All posts on August, 2017


What is machine learning? Software derived from data

You’ve probably encountered the term “machine learning” more than a few times lately. Often used interchangeably with artificial intelligence, machine learning is in fact a subset of AI, both of which can trace their roots to MIT in the late 1950s.

Machine learning is something you probably encounter every day, whether you know it or not. The Siri and Alexa voice assistants, Facebook’s and Microsoft’s facial recognition, Amazon and Netflix recommendations, the technology that keeps self-driving cars from crashing into things – all are a result of advances in machine learning.

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Google releases TensorFlow Serving library

Google has just moved to a production release of TensorFlow Serving, its open source library for serving machine-learned models in production environments. A beta version of the technology was released in February.

Part of Google’s TensorFlow machine intelligence project, the TensorFlow Serving 1.0 library is intended to aid the deployment of algorithms and experiments while maintaining the same server architecture and APIs. TensoFlow Serving lets you push out multiple versions of models over time, as well as roll them back.

The library of course integrates with TensorFlow learning models, but it can also be extended to serve other model types.

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IBM speeds deep learning by using multiple servers

For everyone frustrated by how long it takes to train deep learning models, IBM has some good news: It has unveiled a way to automatically split deep-learning training jobs across multiple physical servers — not just individual GPUs, but whole systems with their own separate sets of GPUs.

Now the bad news: It’s available only in IBM’s PowerAI 4.0 software package, which runs exclusively on IBM’s own OpenPower hardware systems.

Distributed Deep Learning (DDL) doesn’t require developers to learn an entirely new deep learning framework. It repackages several common frameworks for machine learning: TensorFlow, Torch, Caffe, Chainer, and Theano. Deep learning projecs that use those frameworks can then run in parallel across multiple hardware nodes.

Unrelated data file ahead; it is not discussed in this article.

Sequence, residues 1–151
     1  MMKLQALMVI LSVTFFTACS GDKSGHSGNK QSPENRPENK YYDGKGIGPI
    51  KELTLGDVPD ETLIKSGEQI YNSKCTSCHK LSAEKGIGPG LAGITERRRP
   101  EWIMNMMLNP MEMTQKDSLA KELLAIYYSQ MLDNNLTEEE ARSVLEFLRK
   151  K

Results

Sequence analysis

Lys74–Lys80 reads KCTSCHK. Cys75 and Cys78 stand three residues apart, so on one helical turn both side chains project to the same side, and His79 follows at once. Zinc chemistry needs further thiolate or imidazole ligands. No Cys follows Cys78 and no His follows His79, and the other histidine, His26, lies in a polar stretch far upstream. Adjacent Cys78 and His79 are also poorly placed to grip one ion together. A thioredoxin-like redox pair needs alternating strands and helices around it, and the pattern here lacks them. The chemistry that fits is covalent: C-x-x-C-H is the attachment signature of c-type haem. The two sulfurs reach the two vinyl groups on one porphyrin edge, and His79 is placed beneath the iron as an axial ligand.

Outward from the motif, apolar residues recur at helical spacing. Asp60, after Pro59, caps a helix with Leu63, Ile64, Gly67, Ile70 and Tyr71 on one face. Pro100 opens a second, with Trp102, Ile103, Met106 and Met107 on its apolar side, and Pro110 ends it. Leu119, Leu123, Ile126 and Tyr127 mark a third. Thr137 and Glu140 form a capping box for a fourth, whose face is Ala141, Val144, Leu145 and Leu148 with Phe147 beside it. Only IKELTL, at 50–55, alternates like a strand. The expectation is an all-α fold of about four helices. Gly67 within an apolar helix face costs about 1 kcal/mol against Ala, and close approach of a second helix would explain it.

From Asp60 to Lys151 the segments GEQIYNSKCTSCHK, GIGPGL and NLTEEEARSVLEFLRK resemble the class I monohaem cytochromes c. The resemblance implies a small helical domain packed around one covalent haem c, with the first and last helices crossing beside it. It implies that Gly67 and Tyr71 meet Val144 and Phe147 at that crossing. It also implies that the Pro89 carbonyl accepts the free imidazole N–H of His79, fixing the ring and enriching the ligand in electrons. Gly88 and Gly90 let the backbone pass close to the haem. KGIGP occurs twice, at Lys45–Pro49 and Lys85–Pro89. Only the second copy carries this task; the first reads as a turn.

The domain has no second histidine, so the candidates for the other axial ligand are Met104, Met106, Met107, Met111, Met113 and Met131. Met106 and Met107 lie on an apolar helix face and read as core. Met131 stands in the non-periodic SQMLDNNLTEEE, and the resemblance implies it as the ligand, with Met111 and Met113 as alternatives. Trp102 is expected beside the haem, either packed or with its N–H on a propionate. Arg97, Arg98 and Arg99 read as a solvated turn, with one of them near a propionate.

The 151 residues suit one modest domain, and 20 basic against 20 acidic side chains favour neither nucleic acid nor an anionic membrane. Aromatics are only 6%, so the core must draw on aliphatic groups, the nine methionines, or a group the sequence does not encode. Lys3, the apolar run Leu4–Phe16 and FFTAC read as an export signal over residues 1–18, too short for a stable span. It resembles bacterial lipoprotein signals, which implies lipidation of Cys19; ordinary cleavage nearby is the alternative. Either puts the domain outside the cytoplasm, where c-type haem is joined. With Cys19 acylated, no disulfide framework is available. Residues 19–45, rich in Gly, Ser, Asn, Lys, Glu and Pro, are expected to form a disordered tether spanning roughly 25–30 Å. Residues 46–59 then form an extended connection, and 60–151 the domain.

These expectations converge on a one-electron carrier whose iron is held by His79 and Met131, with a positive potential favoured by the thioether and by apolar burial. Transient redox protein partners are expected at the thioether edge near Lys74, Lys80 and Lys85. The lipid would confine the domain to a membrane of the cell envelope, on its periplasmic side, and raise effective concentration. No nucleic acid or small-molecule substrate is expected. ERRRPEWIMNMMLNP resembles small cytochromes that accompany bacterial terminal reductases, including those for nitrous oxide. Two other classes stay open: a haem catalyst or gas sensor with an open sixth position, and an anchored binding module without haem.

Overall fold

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How Google’s Go language could be improved

To improve development tools for Google’s open source Go language, Go might be getting its own language server, akin to Microsoft and Red Hat’s Language Server Protocol.

The notion came up in a Go language contributors’ discussion group, so it’s not a done deal.

The group’s consensus recommendations are:

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IBM speeds deep learning by using multiple servers

For everyone frustrated by how long it takes to train deep learning models, IBM has some good news: It has unveiled a way to automatically split deep-learning training jobs across multiple physical servers — not just individual GPUs, but whole systems with their own separate sets of GPUs.

Now the bad news: It’s available only in IBM’s PowerAI 4.0 software package, which runs exclusively on IBM’s own OpenPower hardware systems.

Distributed Deep Learning (DDL) doesn’t require developers to learn an entirely new deep learning framework. It repackages several common frameworks for machine learning: TensorFlow, Torch, Caffe, Chainer, and Theano. Deep learning projecs that use those frameworks can then run in parallel across multiple hardware nodes.

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